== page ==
July 1, 2017
Already this year, three people have died while kayaking on middle Tennessee's waterways.
Water rescue teams are seeing an increase in calls, and are having to respond to inexperienced kayakers who find themselves in trouble.
If you combine inexperienced kayakers, with people boating under the influence, we have the recipe for a dangerous weekend out on the water.
Many of these incidents can easily be avoided.
“You get folks out on the water who just have no idea what the hazards are,” says Andrea White, with the Tennessee Scenic Rivers Association.
White is also an experienced kayaking instructor.
“Anyone who wants to get into paddling (sports), this is where they want to be,” she says of middle Tennessee.
White says, there's a rise in people wanting to take-up paddle sports. But there's not an increase in safety training.
“People don't know what they're getting into. You're running into issues where people are having to help each other more, and don't know how. And you're getting more rescue calls,” said White. “A day's worth of training can not only save your life, it can make a lifetime of fun out on the river.”
The July Fourth weekend is one of the busiest times to be out on the water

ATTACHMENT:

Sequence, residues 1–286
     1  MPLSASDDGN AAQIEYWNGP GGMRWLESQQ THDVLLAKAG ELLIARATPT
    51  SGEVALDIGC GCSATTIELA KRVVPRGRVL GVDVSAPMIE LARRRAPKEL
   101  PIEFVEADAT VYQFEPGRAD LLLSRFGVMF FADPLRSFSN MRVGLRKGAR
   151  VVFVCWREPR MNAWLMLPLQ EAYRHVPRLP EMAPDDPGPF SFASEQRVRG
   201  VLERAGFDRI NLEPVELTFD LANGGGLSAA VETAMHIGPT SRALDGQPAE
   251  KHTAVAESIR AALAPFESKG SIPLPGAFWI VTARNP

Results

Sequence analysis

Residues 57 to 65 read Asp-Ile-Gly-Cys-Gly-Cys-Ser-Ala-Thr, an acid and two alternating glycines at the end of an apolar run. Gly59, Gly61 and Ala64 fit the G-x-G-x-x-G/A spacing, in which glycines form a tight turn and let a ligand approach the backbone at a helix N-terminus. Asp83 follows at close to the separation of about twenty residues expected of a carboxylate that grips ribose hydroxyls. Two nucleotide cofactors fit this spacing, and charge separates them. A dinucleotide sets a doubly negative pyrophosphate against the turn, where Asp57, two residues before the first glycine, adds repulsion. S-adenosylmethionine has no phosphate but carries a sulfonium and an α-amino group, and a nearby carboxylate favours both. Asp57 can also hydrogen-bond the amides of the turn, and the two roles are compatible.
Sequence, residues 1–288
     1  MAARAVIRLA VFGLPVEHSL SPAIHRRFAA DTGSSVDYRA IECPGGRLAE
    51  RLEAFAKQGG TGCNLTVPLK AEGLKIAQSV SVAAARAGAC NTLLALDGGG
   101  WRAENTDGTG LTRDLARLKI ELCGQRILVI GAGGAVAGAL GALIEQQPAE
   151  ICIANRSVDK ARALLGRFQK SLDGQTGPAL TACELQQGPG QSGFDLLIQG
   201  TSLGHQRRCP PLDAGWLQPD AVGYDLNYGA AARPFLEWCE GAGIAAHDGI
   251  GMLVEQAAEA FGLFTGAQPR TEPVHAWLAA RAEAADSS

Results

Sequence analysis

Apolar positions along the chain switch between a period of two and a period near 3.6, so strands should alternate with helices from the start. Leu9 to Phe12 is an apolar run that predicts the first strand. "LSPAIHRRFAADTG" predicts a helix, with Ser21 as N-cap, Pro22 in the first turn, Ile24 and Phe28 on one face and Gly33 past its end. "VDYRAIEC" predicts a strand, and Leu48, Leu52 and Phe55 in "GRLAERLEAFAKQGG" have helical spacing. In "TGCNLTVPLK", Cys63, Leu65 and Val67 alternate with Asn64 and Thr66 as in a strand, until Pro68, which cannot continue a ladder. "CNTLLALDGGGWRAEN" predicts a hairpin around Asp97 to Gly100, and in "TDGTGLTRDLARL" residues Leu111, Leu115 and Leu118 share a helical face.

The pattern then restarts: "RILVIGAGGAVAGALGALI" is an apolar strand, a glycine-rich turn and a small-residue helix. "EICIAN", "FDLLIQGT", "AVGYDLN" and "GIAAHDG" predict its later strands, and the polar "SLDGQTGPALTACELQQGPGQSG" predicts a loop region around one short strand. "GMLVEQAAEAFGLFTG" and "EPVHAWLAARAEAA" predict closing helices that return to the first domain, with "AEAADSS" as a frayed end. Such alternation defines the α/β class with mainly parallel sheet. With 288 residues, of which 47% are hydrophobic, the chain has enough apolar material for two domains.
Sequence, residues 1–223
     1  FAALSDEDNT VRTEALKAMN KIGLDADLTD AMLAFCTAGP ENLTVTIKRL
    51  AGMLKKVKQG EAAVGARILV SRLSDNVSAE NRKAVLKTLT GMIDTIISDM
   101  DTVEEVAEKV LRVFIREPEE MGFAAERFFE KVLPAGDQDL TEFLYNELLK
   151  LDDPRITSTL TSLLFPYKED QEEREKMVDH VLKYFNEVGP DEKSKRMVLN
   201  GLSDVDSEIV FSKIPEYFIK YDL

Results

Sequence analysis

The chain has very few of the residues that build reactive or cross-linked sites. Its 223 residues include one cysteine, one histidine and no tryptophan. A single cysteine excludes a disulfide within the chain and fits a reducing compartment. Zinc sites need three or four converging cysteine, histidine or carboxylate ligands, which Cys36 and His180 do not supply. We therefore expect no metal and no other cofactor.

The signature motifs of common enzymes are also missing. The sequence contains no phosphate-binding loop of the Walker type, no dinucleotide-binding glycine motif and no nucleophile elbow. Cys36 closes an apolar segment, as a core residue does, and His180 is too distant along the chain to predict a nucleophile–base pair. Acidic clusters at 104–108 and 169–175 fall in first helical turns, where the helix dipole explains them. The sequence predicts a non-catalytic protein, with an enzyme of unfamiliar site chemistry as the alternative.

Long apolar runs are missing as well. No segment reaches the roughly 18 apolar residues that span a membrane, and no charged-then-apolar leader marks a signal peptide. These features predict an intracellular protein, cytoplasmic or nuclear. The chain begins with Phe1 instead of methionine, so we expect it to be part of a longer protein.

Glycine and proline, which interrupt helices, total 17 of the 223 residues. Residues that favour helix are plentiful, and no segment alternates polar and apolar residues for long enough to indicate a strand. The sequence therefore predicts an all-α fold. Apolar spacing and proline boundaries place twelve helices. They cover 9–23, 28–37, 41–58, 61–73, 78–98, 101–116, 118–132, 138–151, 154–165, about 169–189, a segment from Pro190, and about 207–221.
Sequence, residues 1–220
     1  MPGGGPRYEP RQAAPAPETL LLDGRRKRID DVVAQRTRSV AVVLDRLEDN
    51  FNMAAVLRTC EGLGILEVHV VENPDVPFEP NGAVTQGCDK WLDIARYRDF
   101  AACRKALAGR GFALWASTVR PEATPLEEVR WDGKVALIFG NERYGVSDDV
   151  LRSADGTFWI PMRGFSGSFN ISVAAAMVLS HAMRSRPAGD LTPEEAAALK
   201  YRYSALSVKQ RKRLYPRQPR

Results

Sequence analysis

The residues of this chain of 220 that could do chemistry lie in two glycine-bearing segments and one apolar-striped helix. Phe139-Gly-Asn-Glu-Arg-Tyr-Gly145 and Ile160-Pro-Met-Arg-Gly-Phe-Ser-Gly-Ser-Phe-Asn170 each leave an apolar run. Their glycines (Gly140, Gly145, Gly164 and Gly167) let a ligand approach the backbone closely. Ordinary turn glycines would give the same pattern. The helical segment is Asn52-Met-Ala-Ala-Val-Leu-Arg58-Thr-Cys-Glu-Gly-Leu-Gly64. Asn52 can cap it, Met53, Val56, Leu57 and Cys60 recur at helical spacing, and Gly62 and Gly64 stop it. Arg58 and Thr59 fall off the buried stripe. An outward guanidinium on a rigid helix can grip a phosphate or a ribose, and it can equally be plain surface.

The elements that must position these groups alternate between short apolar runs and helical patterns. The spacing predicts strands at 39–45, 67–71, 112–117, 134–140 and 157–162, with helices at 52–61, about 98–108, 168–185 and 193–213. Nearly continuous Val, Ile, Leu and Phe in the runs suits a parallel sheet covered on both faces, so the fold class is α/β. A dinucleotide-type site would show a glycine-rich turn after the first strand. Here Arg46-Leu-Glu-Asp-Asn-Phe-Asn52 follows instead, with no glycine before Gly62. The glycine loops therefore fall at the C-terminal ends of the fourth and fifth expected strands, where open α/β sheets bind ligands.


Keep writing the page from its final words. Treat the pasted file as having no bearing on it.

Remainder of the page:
TWRA officers like Josh Landrum are out in force looking for boaters who are breaking the law.
“A lot of times we'll see people just operating very recklessly in a boat,” Landrum explains. “Those are typically the vessels that we are targeting to see if they are under the influence. If they are driving recklessly, cutting off other boats too close, stuff like that is what we typically look for.”
This is called "Operation Drywater.” It's a campaign held every Fourth of July weekend, where water officers increase patrols, and focus on people boating under the influence.
“Across the state, so far we've made 50 (boating under the influence) arrests,” said Landrum.
Landrum has this warning for boaters and kayakers alike.
“If you go on the water out here on a busy weekend, and you don't have a life jacket, it creates a dangerous situation,” said Landrum
“85 percent of the time, in any kind of water, it's your life jacket that saves you," adds White.
On Friday night, TWRA officers arrested a man for boating under the influence.
And last week, a McMinnville man died after a kayaking accident on the Collins River.